The second document authorizes the Foreign Ministry to engage international organizations and other international establishments in the preparation of a Draft National Renewable Energy Development Strategy in Turkmenistan.
And finally, by the third Decree of the head of state, Turkmen Ambassador to the United Arab Emirates (Abu Dhabi) Serdarmammet Garajaev was appointed Permanent Representative of Turkmenistan to the International Renewable Energy Agency.


Friday, July 17, 2020

$53.4 Million in Small Business Research and Development

The U.S. Department of Energy’s (DOE) Office of Energy Efficiency and Renewable Energy (EERE) will fund 49 new Small Business Innovation Research (SBIR) and Small Business Technology Transfer (STTR) research and development projects across 23 states, totaling nearly $53.4 million in funding.
Small businesses receive Phase II Release 2 grants for principal research and development efforts based on the technical feasibility demonstrated in Phase I projects. Phase II awards range up to $1,500,000 for two years.
Nine EERE Technology Offices (Advanced Manufacturing, Bioenergy, Buildings, Fuel Cells, Geothermal, Solar, Vehicles, Water, and Wind) will fund these awards. The following are examples of EERE-funded Phase II projects:
  • Quantum Ventura, Inc. of San Jose, CA, is building a 7kg/day E-RECOV prototype plant to extract precious metals and rare earths from waste electronics, such as cell phones and hard disks. E-RECOV technology reduces chemical reagent use and lessens the toxicity of remaining materials. E-RECOV is 30% cheaper than conventional recovery technologies and extracts valuable precious metals. Salvaging these critical rare-earth metals, which have a limited supply within the U.S., reduces the chance of supply-chain disruptions.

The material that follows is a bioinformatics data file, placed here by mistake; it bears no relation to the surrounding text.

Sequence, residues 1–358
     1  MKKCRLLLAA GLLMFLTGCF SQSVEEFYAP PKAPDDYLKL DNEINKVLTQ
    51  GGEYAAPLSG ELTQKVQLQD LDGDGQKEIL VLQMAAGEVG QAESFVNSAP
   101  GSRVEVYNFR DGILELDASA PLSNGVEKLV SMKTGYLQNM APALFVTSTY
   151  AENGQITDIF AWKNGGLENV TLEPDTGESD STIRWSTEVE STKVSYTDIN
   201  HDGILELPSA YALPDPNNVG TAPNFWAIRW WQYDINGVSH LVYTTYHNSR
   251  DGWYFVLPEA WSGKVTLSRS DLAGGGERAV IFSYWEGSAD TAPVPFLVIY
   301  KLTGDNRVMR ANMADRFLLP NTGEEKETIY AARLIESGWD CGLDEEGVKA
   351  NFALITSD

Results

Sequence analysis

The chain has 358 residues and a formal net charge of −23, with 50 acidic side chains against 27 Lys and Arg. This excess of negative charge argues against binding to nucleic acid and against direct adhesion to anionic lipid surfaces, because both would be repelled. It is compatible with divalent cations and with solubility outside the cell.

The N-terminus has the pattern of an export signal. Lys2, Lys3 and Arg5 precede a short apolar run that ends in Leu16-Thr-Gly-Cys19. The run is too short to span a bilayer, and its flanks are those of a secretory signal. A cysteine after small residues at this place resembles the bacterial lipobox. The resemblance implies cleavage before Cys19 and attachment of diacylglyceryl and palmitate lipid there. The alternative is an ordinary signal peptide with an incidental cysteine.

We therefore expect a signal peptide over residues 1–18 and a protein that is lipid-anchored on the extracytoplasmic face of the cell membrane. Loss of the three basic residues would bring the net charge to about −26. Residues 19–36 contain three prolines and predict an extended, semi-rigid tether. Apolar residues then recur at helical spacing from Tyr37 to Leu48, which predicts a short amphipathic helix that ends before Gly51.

• Algenesis Materials of Cardiff, CA, is developing biodegradable polymers made from algae. They will produce products that meet commercial specifications and are able to degrade at a controlled rate in a variety of environments, reducing the bioaccumulation of waste.
  • Vacuum glass, a flat thermos bottle for windows, can reduce total U.S. energy use by 1% by 2030, but is far too expensive for the market. V-Glass, LLC of Pewaukee, WI, is working on a project that will eliminate this cost premium, securing the U.S. a leading position in a global market totaling more than $40 billion per year.
  • Geothermal heat pump systems represent a significant energy savings opportunity for the United States, but their high installation cost is preventing widespread implementation. Melink Corporation of Milford, OH, is researching how materials with high thermal storage capacities, known as “phase-change materials,” can be used to reduce their installation cost.
  • TDA Research, Inc. of Wheat Ridge, CO, is developing advanced tools for monitoring high-tech hydrogen fuel cell components, such as carbon-fiber-reinforced pressure vessels that store the hydrogen fuel, to support widespread commercial adoption of these technologies.
  • Tectonicus Constructs, LLC of Bisbee, AZ, is developing a solar racking system to cover and power irrigation canals, giving landowners secondary revenue, reducing evaporation and irrigation costs, and providing new energy jobs to agricultural communities.
  • TexPower of Austin, TX, aims to commercialize the first cobalt-free, high-energy lithium-ion battery cathodes that replace current cathodes without changes to other components. TexPower’s battery cathodes use only abundant metals, manufactured by standard industrial processes.